For obvious reasons, digestive problems never make for an especially appealing topic. Millions of Americans must contend with chronic digestive conditions, including irritable bowel syndrome (IBS). Fortunately, many of those with IBS can mitigate their symptoms by making sound dietary choices.
IBS is one of the most widespread gastrointestinal disorders in the United States. According to the National Institutes of Health (NIH), as much as 20 percent of American adults have at least some symptoms of IBS. Some of the health problems caused by this condition are diarrhea, constipation, abdominal bloating, gas, lower stomach pain and mucus-laced bowel movements.
In addition, IBS frequently alters the patient’s bowel patterns. Some people with IBS experience abnormally frequent bowel movements, whereas others might struggle with constipation. This disorder can also affect the texture of the patient’s stools, making them loose and watery, hard and small or unusually thin. Likewise, patients may struggle with passing stools or feel as if they haven’t passed them completely.
Causes of IBS
Though IBS has long been a common medical problem, medical researchers still do not know its exact causes. Some possible culprits are listed below:
- A lack of movement within the colon
- Hypersensitivity to digestion-related bowel stretching
- Excessive amounts of intestinal bacteria.
- Communication problems between the brain and gut
- Certain mental health disorders, such as anxiety and depression
Since numerous factors might trigger IBS, this condition is frequently treated with some combination of probiotics, medications and dietary adjustments. Some patients may also benefit from psychological therapy.
Impact of Fiber
Though foods and beverages often induce IBS symptoms, there is no “one-size-fits-all” diet that can reliably improve a patient’s digestive health. Consider the possible effects of fiber, a nutrient known for promoting digestive health. Patients dealing with frequent constipation might benefit by switching to high-fiber diets. This explains why men with constipation-predominant IBS are often urged to eat 38 grams of fiber daily, while women with this condition are told to aim for 25 grams.
High fiber consumption, however, does not benefit everyone with irritable bowel syndrome. For some people, a large increase in fiber intake can exacerbate problems with gas and cramping. Since the body’s reaction to fiber can vary significantly, IBS patients should consult with their doctor about the best way to approach fiber-rich foods.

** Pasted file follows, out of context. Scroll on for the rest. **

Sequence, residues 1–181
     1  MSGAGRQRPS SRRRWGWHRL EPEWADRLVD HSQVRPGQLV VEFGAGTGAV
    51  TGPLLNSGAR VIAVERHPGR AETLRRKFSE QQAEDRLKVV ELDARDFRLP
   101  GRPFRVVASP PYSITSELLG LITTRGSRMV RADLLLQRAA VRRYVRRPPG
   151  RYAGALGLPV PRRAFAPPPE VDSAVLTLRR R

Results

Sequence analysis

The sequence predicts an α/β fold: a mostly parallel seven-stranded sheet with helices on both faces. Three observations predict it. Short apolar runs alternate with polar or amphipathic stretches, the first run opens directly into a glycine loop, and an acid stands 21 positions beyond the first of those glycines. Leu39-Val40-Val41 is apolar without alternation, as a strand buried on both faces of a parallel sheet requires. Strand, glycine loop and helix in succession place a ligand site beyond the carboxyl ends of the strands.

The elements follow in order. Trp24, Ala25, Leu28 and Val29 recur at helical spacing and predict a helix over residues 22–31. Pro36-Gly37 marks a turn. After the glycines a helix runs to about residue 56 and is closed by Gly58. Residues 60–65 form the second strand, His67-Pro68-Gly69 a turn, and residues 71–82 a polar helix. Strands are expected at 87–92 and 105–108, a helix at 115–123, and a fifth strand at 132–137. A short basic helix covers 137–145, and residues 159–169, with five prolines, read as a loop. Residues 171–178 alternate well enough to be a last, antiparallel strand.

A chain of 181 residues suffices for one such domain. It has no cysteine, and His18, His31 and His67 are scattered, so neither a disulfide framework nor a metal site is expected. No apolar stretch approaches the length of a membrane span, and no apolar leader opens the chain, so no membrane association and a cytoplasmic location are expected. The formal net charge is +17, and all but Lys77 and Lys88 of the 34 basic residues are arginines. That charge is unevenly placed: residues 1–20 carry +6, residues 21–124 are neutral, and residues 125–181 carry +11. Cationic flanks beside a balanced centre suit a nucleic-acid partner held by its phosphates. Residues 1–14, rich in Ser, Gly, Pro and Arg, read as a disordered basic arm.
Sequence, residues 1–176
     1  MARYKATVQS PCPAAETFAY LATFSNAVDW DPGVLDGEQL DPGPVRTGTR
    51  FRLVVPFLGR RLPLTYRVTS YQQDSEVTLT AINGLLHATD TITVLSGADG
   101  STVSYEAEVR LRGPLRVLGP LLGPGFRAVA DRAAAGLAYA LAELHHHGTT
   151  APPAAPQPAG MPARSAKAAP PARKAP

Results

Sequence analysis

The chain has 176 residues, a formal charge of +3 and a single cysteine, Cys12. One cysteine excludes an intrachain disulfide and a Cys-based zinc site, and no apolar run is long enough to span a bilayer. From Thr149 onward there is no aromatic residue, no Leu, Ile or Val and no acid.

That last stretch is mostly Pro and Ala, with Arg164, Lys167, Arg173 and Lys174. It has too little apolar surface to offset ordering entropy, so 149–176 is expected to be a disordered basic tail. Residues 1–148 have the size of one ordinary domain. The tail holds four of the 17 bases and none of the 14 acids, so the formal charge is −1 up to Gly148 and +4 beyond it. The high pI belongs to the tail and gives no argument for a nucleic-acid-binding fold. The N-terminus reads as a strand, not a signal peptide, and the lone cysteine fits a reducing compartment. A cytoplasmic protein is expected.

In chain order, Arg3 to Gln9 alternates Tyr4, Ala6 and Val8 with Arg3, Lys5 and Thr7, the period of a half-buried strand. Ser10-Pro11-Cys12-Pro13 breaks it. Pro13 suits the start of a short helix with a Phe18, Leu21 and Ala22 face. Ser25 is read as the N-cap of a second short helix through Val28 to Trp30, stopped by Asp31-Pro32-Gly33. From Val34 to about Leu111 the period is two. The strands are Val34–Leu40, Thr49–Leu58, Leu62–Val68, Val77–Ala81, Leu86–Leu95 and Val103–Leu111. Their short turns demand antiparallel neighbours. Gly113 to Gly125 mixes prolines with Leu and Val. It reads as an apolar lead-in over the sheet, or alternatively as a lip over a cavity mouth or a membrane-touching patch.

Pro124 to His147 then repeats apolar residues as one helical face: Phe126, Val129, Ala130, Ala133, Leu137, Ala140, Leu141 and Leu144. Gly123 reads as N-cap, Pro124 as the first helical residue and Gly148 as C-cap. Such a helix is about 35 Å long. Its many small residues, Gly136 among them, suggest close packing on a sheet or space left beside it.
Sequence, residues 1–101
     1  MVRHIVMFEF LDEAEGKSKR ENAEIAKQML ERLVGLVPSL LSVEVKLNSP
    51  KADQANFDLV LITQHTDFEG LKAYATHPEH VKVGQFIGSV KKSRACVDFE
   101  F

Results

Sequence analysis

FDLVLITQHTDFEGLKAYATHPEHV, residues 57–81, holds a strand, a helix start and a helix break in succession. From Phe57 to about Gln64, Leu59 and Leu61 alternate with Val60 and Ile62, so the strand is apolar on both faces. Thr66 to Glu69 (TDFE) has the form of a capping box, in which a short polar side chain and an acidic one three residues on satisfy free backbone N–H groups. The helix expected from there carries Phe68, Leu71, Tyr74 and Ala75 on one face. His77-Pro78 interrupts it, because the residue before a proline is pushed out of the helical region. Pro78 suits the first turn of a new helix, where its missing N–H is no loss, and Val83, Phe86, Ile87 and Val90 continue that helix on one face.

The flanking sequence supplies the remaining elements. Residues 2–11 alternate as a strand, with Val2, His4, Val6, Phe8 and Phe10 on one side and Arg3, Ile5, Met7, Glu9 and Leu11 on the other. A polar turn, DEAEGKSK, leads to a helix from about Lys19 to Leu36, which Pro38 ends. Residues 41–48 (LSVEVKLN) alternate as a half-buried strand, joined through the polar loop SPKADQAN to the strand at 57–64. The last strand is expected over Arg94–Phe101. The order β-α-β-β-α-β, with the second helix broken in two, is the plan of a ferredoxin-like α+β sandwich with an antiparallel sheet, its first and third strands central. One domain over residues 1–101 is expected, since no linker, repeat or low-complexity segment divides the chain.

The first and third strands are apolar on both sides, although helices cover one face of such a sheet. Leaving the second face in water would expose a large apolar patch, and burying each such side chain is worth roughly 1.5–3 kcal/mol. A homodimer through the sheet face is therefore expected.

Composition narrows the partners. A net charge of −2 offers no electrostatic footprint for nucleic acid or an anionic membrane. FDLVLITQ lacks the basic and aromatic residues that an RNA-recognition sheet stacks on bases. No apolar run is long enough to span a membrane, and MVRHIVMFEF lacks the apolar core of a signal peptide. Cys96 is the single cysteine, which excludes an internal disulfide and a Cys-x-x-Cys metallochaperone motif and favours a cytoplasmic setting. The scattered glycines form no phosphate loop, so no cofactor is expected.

A number of popular foods and drinks are known to cause problems for IBS sufferers. This list includes high-fat foods, alcoholic drinks, caffeinated beverages, artificially-sweetened drinks and some milk-based products. Symptoms can also be caused by cabbage, beans, broccoli and other gas-producing foods.
IBS-related constipation and diarrhea may also necessitate certain changes in diet. The former can be triggered by the consumption of refined foods, which can include certain types of breads, cereals, chips and cookies. Diets that emphasize protein and dairy may also prove troublesome.
Those with diarrhea-predominant IBS could benefit from watching their fiber intake. Eating a moderate amount of soluble fiber may add bulk to the colon’s size, allowing it function more effectively. This nutrient can be found in whole wheat bread, pasta, oats and brown rice. In contrast, excessive consumption of insoluble fiber could lead to loose bowel movements (insoluble fiber is commonly found in fruit and vegetable skins).
A few more dietary suggestions are shown below:
- Better digestive health is one of many reasons to stay properly hydrated. Patients with constipation-predominant IBS should aim for eight glasses daily. The same holds true for those with diarrhea-predominant IBS, though these patients should wait either an hour before or after meals before drinking water.
- Large portion sizes can place a heavy burden on the digestive system, possibly causing diarrhea. Eating smaller-sized meals could make loose bowel movements less frequent.
- It can be somewhat difficult for IBS patients to determine which foods and drinks should be avoided. This problem can be addressed with a food diary, which can be used to record symptoms as they appear.